School of Law

Welcome week and the start of your undergraduate studies at Queen Mary

Congratulations and Welcome to the School of Law at Queen Mary University of London! We are delighted that you will be joining us. Please find below answers to a few of the more common questions that students tend to have.

Your first obligatory attendance is an Introduction to the Law Department and the Undergraduate Law Programmes and it will begin on Wednesday 19 September at 12.00 noon in the Arts Two Lecture Theatre on the main campus.

You should find your way to the Arts Two Lecture Theatre (follow the sign-posts) and be in your seat by 12.00 noon. This will not clash with any of the College events on that day. The aim of this and the following two days, is to introduce you to the University generally and to the Law School; the undergraduate law programmes; and some very basic legal concepts, in particular.

You are not required to purchase any of your module texts before arriving in September. However, if you would like to do some preparatory reading, you could usefully read one of the following texts:

  • Acing the LLB, Capturing your full potential to improve your grade, by John McGarry (Routledge, 2016)
  • What about Studying Law? Studying Law at University, by Catherine Barnard, Janet O’Sullivan and Graham Virgo (Hart, 2nd ed., 2011)
  • Introduction to the English Legal System 2018-19 by Martin Partington (OUP, 2018)
  • Letters to a Law Student: A Guide to Studying Law at University, by Nicholas McBride (Pearson, 4th ed., 2017)

In preparation for the Public Law module, we recommend that you read K. Syrett, The Foundations of Public Law (2nd edition, 2014, Palgrave Macmillan).

You do not need to do any reading in preparation for Elements of Contract Law. However, if you would like to do so, we suggest as introductory reading either The Law of Contract by Ewan McKendrick (Palgrave, 12th ed., 2017) or The Law of Contract by Janet O’Sullivan and Jonathan Hilliard (OUP, 8th ed., 2018). Neither is a core text for the module. Guidance on choosing which core text is best for you will be given when the module begins.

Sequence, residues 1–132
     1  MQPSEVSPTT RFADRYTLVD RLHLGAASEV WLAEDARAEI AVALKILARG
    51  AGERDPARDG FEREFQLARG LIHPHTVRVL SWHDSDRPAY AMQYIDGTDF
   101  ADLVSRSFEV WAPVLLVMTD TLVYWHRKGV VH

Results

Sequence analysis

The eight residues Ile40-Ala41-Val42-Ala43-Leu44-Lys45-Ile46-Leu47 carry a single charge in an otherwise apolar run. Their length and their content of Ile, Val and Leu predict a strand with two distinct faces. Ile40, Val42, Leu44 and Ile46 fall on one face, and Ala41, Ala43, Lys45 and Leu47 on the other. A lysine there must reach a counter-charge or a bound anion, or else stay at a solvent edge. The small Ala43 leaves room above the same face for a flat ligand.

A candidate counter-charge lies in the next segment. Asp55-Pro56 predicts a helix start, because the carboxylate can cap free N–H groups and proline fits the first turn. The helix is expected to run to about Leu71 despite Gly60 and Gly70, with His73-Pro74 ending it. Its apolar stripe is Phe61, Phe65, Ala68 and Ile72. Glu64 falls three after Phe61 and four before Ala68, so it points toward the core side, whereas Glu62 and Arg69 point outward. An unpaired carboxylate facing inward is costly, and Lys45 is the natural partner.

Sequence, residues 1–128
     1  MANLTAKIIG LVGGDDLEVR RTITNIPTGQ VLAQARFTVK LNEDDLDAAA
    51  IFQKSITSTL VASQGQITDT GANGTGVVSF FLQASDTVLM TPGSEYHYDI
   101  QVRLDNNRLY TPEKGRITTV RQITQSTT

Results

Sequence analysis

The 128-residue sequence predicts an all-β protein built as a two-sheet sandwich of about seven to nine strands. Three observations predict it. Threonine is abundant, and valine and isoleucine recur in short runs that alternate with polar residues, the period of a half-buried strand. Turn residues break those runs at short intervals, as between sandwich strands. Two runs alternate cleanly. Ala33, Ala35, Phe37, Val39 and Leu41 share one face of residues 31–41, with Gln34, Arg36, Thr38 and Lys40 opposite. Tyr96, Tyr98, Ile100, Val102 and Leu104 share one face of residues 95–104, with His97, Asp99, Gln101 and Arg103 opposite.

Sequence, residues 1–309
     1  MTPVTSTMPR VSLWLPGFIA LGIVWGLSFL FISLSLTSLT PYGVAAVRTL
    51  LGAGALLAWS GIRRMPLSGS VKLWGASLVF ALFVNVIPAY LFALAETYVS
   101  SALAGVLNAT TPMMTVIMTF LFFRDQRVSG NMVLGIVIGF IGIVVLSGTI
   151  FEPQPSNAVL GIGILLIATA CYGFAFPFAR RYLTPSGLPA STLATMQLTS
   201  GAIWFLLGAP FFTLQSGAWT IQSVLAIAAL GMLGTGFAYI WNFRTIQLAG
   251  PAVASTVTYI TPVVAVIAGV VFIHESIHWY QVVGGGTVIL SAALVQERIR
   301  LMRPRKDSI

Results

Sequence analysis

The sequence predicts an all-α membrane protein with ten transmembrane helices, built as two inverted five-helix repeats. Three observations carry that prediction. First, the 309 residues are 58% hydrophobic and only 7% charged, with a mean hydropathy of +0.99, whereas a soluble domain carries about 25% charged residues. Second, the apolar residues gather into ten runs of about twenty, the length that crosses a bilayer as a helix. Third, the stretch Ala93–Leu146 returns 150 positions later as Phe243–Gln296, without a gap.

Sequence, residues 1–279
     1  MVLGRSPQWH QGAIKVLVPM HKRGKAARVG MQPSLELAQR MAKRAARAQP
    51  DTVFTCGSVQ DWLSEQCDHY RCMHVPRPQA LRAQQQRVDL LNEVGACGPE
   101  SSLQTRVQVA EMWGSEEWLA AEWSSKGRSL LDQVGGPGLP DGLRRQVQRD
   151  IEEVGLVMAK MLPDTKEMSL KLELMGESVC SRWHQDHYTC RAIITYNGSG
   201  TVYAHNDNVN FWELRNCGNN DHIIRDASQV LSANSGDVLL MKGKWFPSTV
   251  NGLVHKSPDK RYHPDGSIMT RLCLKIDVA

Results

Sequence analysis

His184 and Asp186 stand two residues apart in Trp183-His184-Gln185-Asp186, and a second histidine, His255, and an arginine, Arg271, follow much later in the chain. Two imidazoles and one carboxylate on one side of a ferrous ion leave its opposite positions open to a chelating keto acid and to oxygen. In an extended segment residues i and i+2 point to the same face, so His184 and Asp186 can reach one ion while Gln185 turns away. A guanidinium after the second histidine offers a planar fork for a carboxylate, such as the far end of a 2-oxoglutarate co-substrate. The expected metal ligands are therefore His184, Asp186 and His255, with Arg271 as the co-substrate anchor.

There is no need to undertake advance reading for Land Law, but if you wish to get a flavour of what the module is about then you might look at one or other of two excellent introductory books (neither will be recommended as core texts so you may wish, if possible, to borrow rather than buy them). They are Roger Smith, Introduction to Land Law (Pearson, 3rd ed., 2013) and Elizabeth Cooke, Land Law (Clarendon Law Series, OUP, 2nd ed., 2012). Recommendations on the core text will be given when the module begins.

For Senior Status students only, in preparation for Criminal Law, we recommend Herring Great Debates in Criminal Law, Macmillan. The module textbook is William Wilson, Criminal Law.

It may well be that you can buy second-hand books from current students who completed the relevant modules last year and this could save you a considerable amount! Do not necessarily, therefore, be in a hurry to go out and spend a fortune on brand new books. Guidance will be offered when you start the semester.

We look forward to meeting you.

Professor Penny Green
Head of Department